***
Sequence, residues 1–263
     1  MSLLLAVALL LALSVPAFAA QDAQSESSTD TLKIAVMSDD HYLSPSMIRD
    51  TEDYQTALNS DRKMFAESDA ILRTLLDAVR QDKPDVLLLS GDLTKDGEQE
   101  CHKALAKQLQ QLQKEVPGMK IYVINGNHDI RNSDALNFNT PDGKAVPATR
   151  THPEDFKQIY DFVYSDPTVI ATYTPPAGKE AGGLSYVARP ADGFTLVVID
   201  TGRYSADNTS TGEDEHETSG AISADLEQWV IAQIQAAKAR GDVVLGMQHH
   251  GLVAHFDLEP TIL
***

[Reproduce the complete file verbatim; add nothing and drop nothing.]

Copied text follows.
Sequence, residues 1–263
     1  MSLLLAVALL LALSVPAFAA QDAQSESSTD TLKIAVMSDD HYLSPSMIRD
    51  TEDYQTALNS DRKMFAESDA ILRTLLDAVR QDKPDVLLLS GDLTKDGEQE
   101  CHKALAKQLQ QLQKEVPGMK IYVINGNHDI RNSDALNFNT PDGKAVPATR
   151  THPEDFKQIY DFVYSDPTVI ATYTPPAGKE AGGLSYVARP ADGFTLVVID
   201  TGRYSADNTS TGEDEHETSG AISADLEQWV IAQIQAAKAR GDVVLGMQHH
   251  GLVAHFDLEP TIL